Low Record Volume from external Mic

Latest trial download from .exe version 2.0.3
Windows XP SP3.

Cheap headset/mic combo that I have used without problems with Dragon voice recognition software.
Connected to front panel input (not the ear-phone one).
Only the Mic was connected for these tests.
My speakers are external Boston in the $50 range. The perform well for casual music listening
I am only interested in voice recordings at this time.
I have increased the recording and playback level to 95% with no improvement.

When I do a test (monitored) recording the record level goes up to -12dB.
The mic is sensitive, because if I’m moving around, it picks up all the noise.
I have recorded my voice and me tapping the mic.

When I play it back, the record level seem to be hitting -12dB - momentarily, but the playback profile shows very little movement off the horizontal line.

I can hardly hear the speaker output with the settings I use for listening to music and audio books.

I also went to the Microsoft record function in the Operating System with no improvement, so it seems that it’s not an Audacity issue. I’m hoping that you guys that swim in this water more than I do (which is very little) might have a suggestion what other rocks I might look under.

If it is the poor mic I’m using, why does the voice recognition system work fine? And why does the system show -12dB recording, and then play back at a very low volume?

Many thanks,

It would be nice to start with a higher volume, but you can use the Amplify effect in Audacity to boost the level in “post production”.

Windows has separate recording & playback “mixers”. There should be a microphone level control and possibly a master volume control depending on your operating system & drivers. Sometimes there is a “microphone boost” control.

I’m on a WinXP system at the moment, and here’s how I access the recording mixer on my system-

  • Double-click the speaker icon (that brings-up the playback mixer).
  • Options > Properties
  • Mixer Device = Realtek Input
  • Recording
  • Make sure the microphone is checked and click OK (Now I can see the recording mixer).
  • Adjust-up the master & microphone sliders.

If it is the poor mic I’m using, why does the voice recognition system work fine? And why does the system show -12dB recording, and then play back at a very low volume?

-12dB is a bit low, but it’s not terrible. For high quality recording you usually shoot-for peaks between -3 and -6 dB, because the last thing you want is to try to go over 0dB and get clipping (distortion). With spoken-voice recording, a little clipping might be OK if you ar not looking for “broadcast quality”. Pros (using high-quality low-noise equipment) often shoot for around -18dB to leave plenty of headroom for unexpected peaks and mixing & effects. Of course their final mix is a lot “hotter”, usually with peaks normalized to 0dB and at least some dynamic compression to bring-up the average volume.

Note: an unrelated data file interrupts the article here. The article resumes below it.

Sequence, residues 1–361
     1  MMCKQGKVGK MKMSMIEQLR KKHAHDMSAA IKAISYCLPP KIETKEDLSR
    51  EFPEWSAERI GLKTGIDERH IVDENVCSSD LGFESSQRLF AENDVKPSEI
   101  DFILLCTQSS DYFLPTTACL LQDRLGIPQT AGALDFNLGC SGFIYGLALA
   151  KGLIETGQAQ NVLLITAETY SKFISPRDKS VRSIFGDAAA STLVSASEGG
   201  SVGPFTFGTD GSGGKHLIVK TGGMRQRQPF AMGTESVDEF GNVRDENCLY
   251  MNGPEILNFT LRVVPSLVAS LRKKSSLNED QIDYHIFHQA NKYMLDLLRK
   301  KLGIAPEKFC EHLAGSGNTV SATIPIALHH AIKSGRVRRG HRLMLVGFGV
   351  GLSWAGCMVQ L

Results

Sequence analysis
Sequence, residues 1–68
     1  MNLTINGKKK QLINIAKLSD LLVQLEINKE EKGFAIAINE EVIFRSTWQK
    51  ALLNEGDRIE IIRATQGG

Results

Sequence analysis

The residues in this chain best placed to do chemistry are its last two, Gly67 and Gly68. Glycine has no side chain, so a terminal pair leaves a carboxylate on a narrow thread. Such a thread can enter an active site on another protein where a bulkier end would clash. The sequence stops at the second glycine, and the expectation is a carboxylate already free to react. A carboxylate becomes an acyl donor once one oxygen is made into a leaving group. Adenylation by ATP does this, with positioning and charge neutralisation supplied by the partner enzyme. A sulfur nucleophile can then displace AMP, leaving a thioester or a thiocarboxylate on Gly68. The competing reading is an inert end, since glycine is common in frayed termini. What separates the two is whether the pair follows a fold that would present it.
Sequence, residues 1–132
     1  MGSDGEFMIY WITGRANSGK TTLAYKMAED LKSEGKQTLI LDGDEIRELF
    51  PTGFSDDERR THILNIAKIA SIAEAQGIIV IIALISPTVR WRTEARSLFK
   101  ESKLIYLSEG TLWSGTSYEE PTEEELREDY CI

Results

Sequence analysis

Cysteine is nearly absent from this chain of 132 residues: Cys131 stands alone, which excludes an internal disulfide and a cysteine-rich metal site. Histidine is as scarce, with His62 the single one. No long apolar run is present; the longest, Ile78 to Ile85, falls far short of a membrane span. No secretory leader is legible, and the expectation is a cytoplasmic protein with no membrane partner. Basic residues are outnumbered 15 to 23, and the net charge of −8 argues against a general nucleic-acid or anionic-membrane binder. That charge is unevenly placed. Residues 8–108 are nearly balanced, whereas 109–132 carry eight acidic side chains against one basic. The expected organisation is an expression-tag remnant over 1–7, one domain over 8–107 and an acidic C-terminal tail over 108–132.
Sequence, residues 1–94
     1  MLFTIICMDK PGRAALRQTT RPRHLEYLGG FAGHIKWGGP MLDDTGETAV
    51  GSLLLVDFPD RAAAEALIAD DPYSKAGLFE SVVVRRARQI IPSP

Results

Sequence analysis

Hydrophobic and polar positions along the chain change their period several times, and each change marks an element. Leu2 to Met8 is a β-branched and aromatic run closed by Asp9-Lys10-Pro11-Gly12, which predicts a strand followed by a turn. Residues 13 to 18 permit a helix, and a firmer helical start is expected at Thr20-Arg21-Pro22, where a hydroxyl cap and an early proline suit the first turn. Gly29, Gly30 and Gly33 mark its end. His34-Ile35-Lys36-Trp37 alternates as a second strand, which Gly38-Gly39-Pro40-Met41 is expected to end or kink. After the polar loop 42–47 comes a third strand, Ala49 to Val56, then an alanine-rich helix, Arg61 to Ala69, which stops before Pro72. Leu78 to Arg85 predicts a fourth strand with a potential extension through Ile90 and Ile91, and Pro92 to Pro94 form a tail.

P.S.

The mic is sensitive, because if I’m moving around, it picks up all the noise.
I have recorded my voice and me tapping the mic.

So, you are sure you re recording the headset mic and not the mic built-into your laptop, right?

So, you are sure you re recording the headset mic and not the mic built-into your laptop, right?

No, I got a better one. If the mic seems to be very sensitive but doesn’t pick up your voice, slide the little fuzzy doobie off the mic and make sure the microphone is pointed to your mouth. Many headsets allow you to put the set on either left-ear or right-ear and you need to change the direction of the mic when you switch. These puppies can be highly directional and it’s possible it’s trying to pick up your left knee instead of your mouth.

I cured one of those about a month ago.

You might also want to turn off Windows Enhanced Services just to make sure that’s not causing problems. You can turn it back on again if you decide you like it.

http://manual.audacityteam.org/o/man/faq_recording_troubleshooting.html#enhancements

Koz

Well, the problem is solved.

Sorry I didn’t get back earlier with the news.

Someone loaded me another inexpensive headset and it worked like a charm. So it was the “old” headset.
Dragon must have a wide range of tolerance, because it works well with the new “better” mic.

I appreciate your general comments, because every tidbit of information is a big help for this newcomer to the audiio recording world.

Thanks again.